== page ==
Elizabeth Campbell in Harvard Business Review
Organizations face a dilemma in their hunt for talent. They pursue the proverbial “best and brightest” who can outsell, outthink, and outproduce their peers. So they spend sizable resources to attract and retain high performers who stand out. But often these organizations also want teams that function in solidarity. So they place their prized recruits in collaborative groups and tell them to fit in.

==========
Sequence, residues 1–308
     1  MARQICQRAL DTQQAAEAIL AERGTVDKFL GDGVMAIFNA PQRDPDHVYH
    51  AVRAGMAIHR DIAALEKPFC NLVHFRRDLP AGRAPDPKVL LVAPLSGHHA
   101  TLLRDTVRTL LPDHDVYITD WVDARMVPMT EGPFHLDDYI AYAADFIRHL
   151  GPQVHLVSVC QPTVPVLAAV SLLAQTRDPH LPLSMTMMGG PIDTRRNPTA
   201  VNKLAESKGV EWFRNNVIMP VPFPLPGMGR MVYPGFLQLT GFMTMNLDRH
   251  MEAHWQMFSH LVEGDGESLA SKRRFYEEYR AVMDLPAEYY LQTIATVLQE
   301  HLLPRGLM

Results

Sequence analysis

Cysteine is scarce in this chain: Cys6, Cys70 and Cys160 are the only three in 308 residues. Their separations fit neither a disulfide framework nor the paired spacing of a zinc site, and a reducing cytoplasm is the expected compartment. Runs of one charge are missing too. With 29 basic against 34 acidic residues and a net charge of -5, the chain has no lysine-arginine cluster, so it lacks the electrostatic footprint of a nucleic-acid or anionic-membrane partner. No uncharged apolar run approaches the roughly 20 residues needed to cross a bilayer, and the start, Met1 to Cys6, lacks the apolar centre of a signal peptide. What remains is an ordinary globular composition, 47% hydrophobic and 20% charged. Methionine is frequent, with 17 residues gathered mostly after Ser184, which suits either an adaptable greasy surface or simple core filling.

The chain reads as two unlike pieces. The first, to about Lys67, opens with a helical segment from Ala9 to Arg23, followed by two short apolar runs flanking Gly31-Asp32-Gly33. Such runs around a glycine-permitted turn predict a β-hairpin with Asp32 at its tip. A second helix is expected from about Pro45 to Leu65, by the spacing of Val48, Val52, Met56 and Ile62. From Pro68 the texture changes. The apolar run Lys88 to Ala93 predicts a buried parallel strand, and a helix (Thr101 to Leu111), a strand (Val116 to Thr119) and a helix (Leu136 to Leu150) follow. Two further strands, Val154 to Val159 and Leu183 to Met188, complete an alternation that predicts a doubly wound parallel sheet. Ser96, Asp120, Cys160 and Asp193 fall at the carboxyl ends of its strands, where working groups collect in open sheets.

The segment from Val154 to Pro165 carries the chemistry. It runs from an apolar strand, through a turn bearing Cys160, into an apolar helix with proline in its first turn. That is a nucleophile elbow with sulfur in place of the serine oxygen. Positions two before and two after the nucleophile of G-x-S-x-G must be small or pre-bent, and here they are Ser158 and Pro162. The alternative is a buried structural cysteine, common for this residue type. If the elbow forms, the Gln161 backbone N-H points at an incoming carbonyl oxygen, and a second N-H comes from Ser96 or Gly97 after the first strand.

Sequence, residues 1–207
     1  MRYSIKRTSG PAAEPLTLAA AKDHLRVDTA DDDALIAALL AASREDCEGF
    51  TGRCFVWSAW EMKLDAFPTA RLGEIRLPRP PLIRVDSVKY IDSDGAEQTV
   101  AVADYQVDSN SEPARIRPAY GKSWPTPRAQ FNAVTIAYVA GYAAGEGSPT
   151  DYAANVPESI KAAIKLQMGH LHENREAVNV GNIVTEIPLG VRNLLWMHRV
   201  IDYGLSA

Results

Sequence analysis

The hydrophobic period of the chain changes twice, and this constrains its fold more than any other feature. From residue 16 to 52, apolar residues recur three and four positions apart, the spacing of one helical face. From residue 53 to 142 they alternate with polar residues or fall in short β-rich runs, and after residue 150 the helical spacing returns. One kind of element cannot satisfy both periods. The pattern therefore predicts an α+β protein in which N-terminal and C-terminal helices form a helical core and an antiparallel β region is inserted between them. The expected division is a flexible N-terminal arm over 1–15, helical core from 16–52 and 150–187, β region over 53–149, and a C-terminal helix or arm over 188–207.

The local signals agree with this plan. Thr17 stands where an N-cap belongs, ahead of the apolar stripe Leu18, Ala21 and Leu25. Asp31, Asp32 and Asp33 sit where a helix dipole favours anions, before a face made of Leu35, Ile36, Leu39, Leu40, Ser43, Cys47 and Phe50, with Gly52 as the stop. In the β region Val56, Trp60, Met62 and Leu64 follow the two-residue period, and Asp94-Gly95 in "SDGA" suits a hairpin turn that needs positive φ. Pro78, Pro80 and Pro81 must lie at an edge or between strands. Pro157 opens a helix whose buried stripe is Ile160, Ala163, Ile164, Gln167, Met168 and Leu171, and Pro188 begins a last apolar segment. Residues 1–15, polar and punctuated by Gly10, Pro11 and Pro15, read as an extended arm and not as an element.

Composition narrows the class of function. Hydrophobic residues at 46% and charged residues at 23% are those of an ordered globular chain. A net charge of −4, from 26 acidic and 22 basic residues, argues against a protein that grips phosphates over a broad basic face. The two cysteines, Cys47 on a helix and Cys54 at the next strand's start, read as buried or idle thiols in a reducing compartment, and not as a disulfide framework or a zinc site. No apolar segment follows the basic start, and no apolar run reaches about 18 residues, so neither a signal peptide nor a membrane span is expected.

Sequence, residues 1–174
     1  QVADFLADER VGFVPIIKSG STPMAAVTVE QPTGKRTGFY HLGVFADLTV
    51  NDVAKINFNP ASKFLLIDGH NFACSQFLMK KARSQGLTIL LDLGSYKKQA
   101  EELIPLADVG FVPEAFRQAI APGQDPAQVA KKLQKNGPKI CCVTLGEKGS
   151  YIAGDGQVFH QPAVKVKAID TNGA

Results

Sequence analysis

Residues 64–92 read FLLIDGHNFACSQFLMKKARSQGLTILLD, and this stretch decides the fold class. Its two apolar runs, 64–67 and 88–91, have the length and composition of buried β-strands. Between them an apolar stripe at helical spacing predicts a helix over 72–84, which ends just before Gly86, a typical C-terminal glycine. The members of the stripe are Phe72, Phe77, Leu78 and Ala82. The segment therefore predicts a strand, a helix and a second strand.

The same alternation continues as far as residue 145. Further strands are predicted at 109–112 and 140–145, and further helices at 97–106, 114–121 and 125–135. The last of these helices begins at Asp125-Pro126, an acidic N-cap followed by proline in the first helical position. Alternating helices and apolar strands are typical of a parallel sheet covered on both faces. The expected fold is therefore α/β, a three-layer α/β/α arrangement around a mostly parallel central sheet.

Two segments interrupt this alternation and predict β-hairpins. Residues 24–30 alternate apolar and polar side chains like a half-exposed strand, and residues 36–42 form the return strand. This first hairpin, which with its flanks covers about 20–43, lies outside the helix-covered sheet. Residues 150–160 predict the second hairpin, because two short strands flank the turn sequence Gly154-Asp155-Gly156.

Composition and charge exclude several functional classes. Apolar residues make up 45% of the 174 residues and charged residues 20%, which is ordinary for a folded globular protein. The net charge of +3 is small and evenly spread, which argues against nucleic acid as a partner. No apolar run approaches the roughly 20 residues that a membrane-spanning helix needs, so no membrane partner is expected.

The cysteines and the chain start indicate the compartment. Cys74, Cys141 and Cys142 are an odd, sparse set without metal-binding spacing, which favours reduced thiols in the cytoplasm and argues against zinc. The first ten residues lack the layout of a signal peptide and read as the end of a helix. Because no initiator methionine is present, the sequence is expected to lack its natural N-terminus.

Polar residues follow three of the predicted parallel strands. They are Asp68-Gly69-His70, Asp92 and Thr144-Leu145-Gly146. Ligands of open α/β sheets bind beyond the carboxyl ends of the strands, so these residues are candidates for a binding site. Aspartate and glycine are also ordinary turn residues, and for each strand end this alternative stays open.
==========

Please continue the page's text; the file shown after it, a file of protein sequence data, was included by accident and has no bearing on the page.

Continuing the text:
Many managers miss or underestimate the potential harm to high performers from their teams. Often with good intentions, managers set up high performers as targets for sabotage, aggression, and exclusion. As the Japanese proverb warns: “The nail that sticks up gets hammered down.”
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